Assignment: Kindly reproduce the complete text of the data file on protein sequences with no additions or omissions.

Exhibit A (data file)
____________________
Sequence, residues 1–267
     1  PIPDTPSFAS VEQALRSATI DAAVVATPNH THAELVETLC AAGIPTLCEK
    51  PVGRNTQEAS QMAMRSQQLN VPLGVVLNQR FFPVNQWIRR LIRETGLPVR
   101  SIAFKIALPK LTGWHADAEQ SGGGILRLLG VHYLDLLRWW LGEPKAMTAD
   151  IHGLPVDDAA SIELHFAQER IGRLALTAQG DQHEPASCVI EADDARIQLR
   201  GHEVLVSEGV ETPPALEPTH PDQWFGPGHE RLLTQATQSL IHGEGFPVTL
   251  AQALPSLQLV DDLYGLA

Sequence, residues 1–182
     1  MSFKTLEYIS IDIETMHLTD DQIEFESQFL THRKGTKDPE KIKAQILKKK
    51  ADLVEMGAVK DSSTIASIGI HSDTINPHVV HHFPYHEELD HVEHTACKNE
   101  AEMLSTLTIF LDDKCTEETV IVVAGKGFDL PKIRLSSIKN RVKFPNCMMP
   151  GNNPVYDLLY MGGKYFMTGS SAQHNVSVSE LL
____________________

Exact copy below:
Sequence, residues 1–267
     1  PIPDTPSFAS VEQALRSATI DAAVVATPNH THAELVETLC AAGIPTLCEK
    51  PVGRNTQEAS QMAMRSQQLN VPLGVVLNQR FFPVNQWIRR LIRETGLPVR
   101  SIAFKIALPK LTGWHADAEQ SGGGILRLLG VHYLDLLRWW LGEPKAMTAD
   151  IHGLPVDDAA SIELHFAQER IGRLALTAQG DQHEPASCVI EADDARIQLR
   201  GHEVLVSEGV ETPPALEPTH PDQWFGPGHE RLLTQATQSL IHGEGFPVTL
   251  AQALPSLQLV DDLYGLA

Sequence, residues 1–182
     1  MSFKTLEYIS IDIETMHLTD DQIEFESQFL THRKGTKDPE KIKAQILKKK
    51  ADLVEMGAVK DSSTIASIGI HSDTINPHVV HHFPYHEELD HVEHTACKNE
   101  AEMLSTLTIF LDDKCTEETV IVVAGKGFDL PKIRLSSIKN RVKFPNCMMP
   151  GNNPVYDLLY MGGKYFMTGS SAQHNVSVSE LL